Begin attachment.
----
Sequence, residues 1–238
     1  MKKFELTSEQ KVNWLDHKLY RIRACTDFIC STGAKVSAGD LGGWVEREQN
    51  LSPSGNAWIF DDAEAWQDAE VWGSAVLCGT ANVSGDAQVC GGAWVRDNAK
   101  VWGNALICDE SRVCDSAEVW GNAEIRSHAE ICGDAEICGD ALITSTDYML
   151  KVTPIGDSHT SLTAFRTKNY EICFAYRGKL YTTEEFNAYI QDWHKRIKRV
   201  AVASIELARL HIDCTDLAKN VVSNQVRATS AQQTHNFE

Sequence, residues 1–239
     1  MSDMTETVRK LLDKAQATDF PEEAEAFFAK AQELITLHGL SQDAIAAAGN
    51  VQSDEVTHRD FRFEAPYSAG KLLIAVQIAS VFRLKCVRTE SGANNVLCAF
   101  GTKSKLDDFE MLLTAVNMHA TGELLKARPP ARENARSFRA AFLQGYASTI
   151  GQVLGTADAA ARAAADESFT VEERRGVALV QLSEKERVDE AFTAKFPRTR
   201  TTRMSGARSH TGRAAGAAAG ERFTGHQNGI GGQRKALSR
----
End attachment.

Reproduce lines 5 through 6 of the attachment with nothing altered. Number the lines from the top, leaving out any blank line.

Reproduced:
   151  KVTPIGDSHT SLTAFRTKNY EICFAYRGKL YTTEEFNAYI QDWHKRIKRV
   201  AVASIELARL HIDCTDLAKN VVSNQVRATS AQQTHNFE